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Check out the article in Cave News here, book on caves,  Also my book on caves, ‘Caving in Ontario; Exploring Buried Karst’. Buy my caving book here

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Jeff and I spent the day digging for connecting tunnels around the Wasteland Waterway System.

At the end of a blind valley, where a stream disappears we began our excavation. Digging was mainly by following toward the sound of running water. Several times we bent down and listened for the noise and then that is the direction in which we dug. Being early January, despite the harsh sunlight, the water was very cold. Soon we were covered in a stinking goo of rotting leaves and slimy clay which when dried was very painful to pick free, it had matted like scabs on my arm hair and the only way to free yourself was with a garden hose and a frigid stream of water.

We hacked through clay and leaves and sticks. Finally with a puff of warmer cave air we found ourselves peering through a crevice into a passage underneath, and within there was the sound of running water. Next weekend we’ll break through the cap rock and then we’ll be into virgin tunnel. It looks like the passage is pretty clogged, but I’ll bet it is similar to the main entry, where it starts off tight and grows into something bigger. We can excavate some of the debris and crawling will be easier. This tunnel possibly links with the main Wasteland System, but there’s no guarantee.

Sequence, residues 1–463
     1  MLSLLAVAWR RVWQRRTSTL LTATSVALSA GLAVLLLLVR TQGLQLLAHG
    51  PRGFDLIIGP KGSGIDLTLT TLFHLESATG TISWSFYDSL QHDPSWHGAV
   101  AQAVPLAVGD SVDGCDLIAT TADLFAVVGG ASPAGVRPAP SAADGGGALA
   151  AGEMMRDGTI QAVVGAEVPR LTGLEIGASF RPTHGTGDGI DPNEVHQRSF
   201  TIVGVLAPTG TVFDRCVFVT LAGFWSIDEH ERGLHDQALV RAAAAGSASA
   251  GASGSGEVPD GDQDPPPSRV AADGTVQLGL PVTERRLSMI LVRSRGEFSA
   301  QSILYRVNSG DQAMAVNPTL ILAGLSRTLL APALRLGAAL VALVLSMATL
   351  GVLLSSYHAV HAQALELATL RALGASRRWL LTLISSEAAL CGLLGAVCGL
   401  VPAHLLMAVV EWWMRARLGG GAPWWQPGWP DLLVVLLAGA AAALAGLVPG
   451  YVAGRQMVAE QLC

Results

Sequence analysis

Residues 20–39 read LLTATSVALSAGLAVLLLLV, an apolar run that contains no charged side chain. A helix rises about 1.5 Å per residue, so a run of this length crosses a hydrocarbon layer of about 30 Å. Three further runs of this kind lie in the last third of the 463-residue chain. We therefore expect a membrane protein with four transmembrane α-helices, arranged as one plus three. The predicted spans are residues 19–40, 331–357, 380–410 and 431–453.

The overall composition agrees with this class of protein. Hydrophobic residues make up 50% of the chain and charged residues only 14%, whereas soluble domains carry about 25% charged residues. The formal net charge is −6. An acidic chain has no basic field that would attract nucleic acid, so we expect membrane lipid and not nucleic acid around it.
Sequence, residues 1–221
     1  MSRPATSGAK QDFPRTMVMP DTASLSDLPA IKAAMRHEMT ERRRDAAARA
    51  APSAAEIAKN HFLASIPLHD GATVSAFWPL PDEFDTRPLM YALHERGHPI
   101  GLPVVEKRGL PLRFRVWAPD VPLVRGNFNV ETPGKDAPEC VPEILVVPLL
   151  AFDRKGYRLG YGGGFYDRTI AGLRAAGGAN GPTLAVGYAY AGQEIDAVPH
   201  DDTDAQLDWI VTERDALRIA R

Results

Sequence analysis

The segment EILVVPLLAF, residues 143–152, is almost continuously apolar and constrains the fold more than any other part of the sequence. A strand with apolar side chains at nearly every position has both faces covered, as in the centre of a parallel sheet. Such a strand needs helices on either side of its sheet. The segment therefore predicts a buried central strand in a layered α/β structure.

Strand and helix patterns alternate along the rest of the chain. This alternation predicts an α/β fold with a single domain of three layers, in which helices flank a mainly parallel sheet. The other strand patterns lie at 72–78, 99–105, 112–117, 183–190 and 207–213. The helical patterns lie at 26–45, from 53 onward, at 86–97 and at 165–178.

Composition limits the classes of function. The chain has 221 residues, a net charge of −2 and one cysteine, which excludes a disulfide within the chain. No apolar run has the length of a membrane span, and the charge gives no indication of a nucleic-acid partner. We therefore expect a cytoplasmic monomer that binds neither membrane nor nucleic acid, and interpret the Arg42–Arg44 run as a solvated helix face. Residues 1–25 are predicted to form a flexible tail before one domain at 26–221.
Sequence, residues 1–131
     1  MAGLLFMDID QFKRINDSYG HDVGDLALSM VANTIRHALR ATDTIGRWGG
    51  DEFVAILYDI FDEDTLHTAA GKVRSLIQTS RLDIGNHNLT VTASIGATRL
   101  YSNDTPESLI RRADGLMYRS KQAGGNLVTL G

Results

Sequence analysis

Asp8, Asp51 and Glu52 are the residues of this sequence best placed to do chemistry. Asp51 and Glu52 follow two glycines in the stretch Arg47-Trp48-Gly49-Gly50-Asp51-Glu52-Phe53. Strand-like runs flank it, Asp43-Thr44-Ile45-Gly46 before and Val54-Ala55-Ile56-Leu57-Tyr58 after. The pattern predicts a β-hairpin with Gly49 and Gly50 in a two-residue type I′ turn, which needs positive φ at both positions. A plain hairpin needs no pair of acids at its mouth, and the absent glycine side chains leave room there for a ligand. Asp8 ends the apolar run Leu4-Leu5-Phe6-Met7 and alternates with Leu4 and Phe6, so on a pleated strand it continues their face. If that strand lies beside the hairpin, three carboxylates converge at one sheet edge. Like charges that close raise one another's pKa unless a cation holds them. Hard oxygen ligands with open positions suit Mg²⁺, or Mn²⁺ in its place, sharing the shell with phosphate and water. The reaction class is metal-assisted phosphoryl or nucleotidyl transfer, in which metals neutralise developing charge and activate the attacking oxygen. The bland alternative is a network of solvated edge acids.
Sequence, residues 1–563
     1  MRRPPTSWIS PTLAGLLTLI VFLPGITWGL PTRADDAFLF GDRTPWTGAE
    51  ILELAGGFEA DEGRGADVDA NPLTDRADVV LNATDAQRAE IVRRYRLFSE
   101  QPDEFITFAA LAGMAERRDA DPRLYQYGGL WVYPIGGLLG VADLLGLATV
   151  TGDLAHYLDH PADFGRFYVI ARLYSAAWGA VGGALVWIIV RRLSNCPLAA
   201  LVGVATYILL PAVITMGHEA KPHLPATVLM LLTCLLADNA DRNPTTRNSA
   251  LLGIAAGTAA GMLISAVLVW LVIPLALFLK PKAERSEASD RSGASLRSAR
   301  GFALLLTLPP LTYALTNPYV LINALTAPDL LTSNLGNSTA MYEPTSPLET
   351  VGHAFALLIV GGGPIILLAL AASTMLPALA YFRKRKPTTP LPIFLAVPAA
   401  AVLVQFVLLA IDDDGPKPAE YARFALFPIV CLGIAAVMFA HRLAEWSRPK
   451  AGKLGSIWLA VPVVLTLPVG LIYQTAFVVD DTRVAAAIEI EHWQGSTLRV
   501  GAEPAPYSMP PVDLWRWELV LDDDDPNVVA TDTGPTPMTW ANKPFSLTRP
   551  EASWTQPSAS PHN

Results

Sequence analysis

See the mess that was our surface dig on youtube here – Digging for Caves in Ontario, and if you want to learn how to find your own caves, or just read about some really extreme explorations beneath Ontario, by divers, cave divers and explorers like myself buy my book,  Caving in Ontario; Exploring Buried Karst, here.

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crawling in ooze, P – Lake, originally uploaded by Mic2006.

Consider that you  haven’t done any caving in Ontario until you’ve explored some of it’s beautiful marble passages that are scattered through the rock of the Canadian shield.

Long awaited, much anticipated, promised too many times and backed out of it too often. I am not proud of what i’d done to you (fellow cavers and eager blog followers). Well JC and I finally made it to P – Lake Cave. We found an easier, smarter route than over the miles and miles of beaver dams, and was it ever worth it.